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What is the DSM-5? 2018-10-31T01:34:47+00:00

In many ways, the Diagnostic and Statistical Manual of Mental Disorders, also known as the DSM-5, can fairly be called the bible of the psychology profession. The fifth edition of the Diagnostic and Statistical Manual of Mental Disorders currently is in use. Like many people, you may have questions about the DSM-5 and what purpose it serves.

Related resource: Top 20 Most Innovative Psychology Degree Programs at Small Colleges in the U.S.

Essential Description of the Diagnostic and Statistical Manual of Mental Disorders

The DSM is a publication of the American Psychiatric Association. According to the APA, the Manual is designed to provide standard criteria for classifying mental disorders using common language.

The DSM is utilized by a wide array of professionals and organizations, according to the APA. These include:

  • clinicians
  • researchers
  • psychiatric drug regulation agencies
  • health insurance companies
  • pharmaceutical companies
  • legal system
  • policymakers

The History of the DSM

The initial push behind creating and publishing the DSM and classifying different mental disorders was the necessity to collect statistical data. The first real attempt to classify mental disorders and collect statistical data can actually be traced to the U.S. census of 1840. Only one category entitled “idiocy/insanity” was used.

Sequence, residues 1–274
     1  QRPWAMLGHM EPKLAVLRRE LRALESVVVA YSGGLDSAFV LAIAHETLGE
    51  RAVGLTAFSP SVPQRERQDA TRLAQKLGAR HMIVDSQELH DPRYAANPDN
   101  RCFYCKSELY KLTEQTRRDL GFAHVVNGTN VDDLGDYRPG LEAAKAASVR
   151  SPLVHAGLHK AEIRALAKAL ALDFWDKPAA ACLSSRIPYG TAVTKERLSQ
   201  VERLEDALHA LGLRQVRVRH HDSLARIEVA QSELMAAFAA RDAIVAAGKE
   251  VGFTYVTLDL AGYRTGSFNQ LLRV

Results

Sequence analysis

Four years later, the Association of Medical Superintendents of American Institutions for the Insane was established, an organization that would evolve over time into the APA. In 1880, through this organization, a 582-page report was published entitled “Report on the Defective, Dependent, and Delinquent Classes of the Population of the United States.” This report included seven classifications for mental disorders:

  • dementia
  • dipsomania (ultimately called alcohol addiction)
  • epilepsy (no longer classified as a mental illness)
  • mania
  • melancholia
  • monomania
  • paresis

Following World War II, psychiatrists and psychologists became heavily involved in the care of soldiers. This resulted in an extensive reexamination of how mental health maladies were classified and resulted in the publication of the first edition of the DMS in 1952. Subsequent editions were published in 1968, 1980, 1987, 1994, and the most recent edition in 2013.

Beginning in 2013, more supplements and addendums will be attached to the existing edition than historically occurred. This is likely to extend the period of time before a new edition of the Manual is published by the APA.

Focus on Diagnosis

Beginning with the third edition in 1987, DSM-3, the focus has been on diagnosis. Although the use of the DSM for statistical and research purposes remains, its main use in this day and age is to aid in the diagnosis of patients. The DMS collects data regarding signs and symptoms of various mental disorders from a multitude of resources. Armed with that data, the DSM brings those signs and symptoms together for each recognized mental disorder to provide a means for clinicians to make what is hope to be a proper diagnosis of a patient.

The current edition of the DSM is expected to remain a primary resource used by clinicians in diagnosing and treating patients with mental health maladies. The DSM-5 will remain this principle resource until the next edition is published by the APA.